We frequently get some version of the following question from clients and colleagues: “What is the dollar amount for determining if something is material?” Perhaps in the back of their minds they are recalling an SEC Staff Accounting Bulletin released in 1999, which noted that the 5% rule of thumb could serve as the basis for a “preliminary assumption,” below which an amount was not material. Frequently ignored, however, was the additional language requiring a company also to consider all “relevant circumstances” in connection with such preliminary assumption. Materiality has never been as easy as “more than 5%.”

A recent Second Circuit decision reiterated this concept by expressly rejecting a formulaic approach and requiring companies to consider both quantitative and qualitative factors in an integrated manner. The Second Circuit allowed the use of a 5% threshold as a “starting place,” but required a qualitative analysis as well. The Court made it clear that, under certain circumstances, an event could be deemed to be material even if it is quantitatively small. According to the Court, in those cases, the company must consider such issues as if:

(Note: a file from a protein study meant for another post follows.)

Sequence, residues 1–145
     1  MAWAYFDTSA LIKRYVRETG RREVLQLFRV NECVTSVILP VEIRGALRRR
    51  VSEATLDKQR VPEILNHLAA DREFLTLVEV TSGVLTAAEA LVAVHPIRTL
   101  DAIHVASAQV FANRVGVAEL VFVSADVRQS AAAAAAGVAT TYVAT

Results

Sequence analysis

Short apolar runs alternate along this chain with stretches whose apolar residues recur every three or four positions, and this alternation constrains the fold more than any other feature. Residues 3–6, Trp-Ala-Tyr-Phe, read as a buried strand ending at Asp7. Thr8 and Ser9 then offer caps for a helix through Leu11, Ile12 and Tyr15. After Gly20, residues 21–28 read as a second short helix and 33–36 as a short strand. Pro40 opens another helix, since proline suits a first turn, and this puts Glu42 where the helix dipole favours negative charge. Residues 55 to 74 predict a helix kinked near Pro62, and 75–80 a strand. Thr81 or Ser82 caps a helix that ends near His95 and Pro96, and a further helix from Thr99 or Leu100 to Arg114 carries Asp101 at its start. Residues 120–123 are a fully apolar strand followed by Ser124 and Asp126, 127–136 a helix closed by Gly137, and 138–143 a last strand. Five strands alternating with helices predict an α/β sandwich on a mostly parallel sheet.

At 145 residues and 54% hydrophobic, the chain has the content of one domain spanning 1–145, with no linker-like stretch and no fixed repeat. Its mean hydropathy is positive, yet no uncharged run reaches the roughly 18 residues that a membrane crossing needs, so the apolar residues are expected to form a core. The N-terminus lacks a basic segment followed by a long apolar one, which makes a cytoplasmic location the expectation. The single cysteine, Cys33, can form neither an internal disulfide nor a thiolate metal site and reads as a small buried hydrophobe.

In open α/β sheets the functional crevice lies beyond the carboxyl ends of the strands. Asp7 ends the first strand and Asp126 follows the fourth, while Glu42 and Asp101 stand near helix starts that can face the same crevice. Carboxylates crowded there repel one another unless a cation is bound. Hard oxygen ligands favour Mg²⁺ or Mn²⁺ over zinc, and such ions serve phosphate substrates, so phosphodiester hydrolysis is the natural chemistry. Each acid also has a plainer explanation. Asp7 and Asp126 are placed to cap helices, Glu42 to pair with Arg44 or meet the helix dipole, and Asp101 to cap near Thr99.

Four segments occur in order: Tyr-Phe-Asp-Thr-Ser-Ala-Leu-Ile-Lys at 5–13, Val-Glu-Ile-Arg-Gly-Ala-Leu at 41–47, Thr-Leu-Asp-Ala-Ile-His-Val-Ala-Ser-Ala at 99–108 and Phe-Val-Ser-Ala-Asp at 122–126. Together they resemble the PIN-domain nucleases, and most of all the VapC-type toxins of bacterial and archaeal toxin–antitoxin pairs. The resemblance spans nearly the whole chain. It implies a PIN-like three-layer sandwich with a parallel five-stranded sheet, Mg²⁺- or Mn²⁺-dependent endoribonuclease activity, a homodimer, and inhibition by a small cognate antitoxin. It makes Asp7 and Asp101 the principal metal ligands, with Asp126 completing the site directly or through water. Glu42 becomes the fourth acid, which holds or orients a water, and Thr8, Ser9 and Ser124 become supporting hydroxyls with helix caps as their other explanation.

• the omissions conceal unlawful transactions or conduct;
  • the omissions relate to a significant aspect of a company’s business;
  • there was a significant market reaction to the (eventual) public disclosure of the omissions;
  • the omissions hide a failure to meet analysts’ expectations;
  • the omissions changed a loss into income or vice versa; or
  • the omissions affected the company’s compliance with loan covenants or other contractual requirements.

While this certainly is not intended to be an exclusive list of qualitative considerations, it is perhaps the best, and is certainly the most recent, guidance available.

But We Followed the Rules!